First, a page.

DARPA Network Challenge
The recently announced DARPA Network Challenge sought to explore "the roles the Internet and social networking play in the timely communication, wide-area team-building, and urgent mobilization required to solve broad-scope, time-critical problems". The challenge was to locate ten moored red weather balloons located at ten fixed locations in the continental United States, offering a $40,000 prize reward for that. The competition took place on December 5th. These are only some thoughts on the challenge, drawing upon some sources I recently read.
How would was the incentive to compete? Well, I do remember very enthusiastic comments from some participants (unfortunately, I did not save all the links to those websites—here is just an example). Beyond the interesting focus of the prize from the sponsor's research point of view, it is interesting to see how a simply defined prize target and, probably most importantly, $40K attracted so many people to the competition--4,000 participants as reported in http://twitter.com/DARPA_News ( @DARPA_News on Twitter ) or about 300 teams as cited in MSNBC. For regular people, $40K is good money, particularly in crisis time—and the costs of participating do not seem to be so high. However, I do not think that the extent to which participants considered this an achievable target or participated for other reasons is known (and this may be an important aspect when designing the right incentives in prizes). DARPA may have collected more information on this.
@DARPA_News reported that the competition leveraged the effort of at least 4,000 participants (o details on how those participants contributed to achieving the prize target or about their activities). The same source reported only 120 submissions for the position of the balloons by 1:31pm on Dec 5th; and the MIT Red Balloon Team was announced winner when there were only 30 minutes left before grounding the balloons that day. I did not find any comment on the MIT team website about how they worked to win the competition. But I did find something very interesting about how they tried to engage more people to participate. They implemented a scheme to share the prize reward based on the people participation: those who provide correct data on the location of balloons and those who invite them to participate would share the prize reward with the MIT team.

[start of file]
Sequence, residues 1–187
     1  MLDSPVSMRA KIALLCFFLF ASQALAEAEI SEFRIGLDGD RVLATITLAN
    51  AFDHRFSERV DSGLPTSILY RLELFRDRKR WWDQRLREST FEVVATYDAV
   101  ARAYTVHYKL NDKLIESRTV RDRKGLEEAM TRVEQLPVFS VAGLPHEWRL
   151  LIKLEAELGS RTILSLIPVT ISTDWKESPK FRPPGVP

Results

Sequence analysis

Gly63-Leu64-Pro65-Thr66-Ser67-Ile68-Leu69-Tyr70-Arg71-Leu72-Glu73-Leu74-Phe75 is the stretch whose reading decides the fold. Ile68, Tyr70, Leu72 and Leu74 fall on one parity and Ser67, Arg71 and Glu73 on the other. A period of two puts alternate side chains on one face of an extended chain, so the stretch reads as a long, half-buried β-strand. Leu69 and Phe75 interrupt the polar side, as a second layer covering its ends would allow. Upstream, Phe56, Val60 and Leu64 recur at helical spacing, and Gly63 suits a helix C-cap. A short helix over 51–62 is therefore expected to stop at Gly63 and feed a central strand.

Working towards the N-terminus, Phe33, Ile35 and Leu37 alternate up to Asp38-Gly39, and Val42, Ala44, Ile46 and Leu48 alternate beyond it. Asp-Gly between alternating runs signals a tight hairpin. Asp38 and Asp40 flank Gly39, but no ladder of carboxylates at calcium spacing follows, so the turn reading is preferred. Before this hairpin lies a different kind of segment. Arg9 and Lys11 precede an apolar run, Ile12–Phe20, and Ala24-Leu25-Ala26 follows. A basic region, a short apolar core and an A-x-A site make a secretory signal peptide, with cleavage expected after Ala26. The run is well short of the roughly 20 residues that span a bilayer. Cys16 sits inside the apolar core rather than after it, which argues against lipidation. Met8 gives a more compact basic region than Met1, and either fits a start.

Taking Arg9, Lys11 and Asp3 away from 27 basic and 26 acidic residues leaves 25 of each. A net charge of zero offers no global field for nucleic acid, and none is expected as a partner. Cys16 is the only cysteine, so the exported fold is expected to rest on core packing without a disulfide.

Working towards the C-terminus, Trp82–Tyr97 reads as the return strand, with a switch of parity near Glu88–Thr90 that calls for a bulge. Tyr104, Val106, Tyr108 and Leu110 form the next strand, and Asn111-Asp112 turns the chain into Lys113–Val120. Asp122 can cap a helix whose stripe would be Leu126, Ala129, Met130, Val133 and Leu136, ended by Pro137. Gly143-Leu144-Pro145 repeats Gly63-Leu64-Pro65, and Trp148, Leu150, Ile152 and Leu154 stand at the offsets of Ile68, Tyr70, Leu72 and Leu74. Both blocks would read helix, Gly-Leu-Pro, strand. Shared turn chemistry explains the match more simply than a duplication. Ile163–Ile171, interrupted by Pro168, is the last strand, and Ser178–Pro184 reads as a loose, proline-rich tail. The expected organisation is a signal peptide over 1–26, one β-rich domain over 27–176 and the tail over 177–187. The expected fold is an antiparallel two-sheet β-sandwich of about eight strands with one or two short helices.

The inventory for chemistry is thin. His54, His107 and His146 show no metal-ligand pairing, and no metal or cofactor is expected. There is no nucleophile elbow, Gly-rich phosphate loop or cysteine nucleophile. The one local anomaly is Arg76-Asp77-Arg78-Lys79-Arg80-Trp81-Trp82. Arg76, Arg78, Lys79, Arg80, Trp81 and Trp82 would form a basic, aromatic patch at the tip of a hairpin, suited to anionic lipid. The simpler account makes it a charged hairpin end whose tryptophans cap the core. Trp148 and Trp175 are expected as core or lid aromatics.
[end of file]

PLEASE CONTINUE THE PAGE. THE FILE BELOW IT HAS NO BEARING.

For sure, the competition has had different outcomes. In principle, DARPA has successfully attracted (again) the attention of the media and lots of people. Moreover, I really would like to read about how successful the collection of data for their experiment was. That was the primary goal of the competition. Probably not all participants benefited from their participation, yet some of them have probably learned more about their interests or how to apply their knowledge for other purposes related to the prize challenge. Surely, networking between participants has been another outcome.
Did the prize challenge look simple, yet it was too difficult to achieve? Well, in principle, there was a winner, so the challenge was achievable (I do not know the specifics on the needed technologies). From the point of view of the sponsor’s goals, it looks that the target was well defined, considering that the prize challenge was achieved with only few minutes left before the competition deadline! In other words, that probably had elicited the greatest possible effort from the participants.
Overall, this is another interesting case that shows how prizes can be used for very different purposes and engage lots of people in the meantime.
said by: Luciano
date and time: 2009-12-08 00:17:26 GMT -5
tags: DARPA, prizes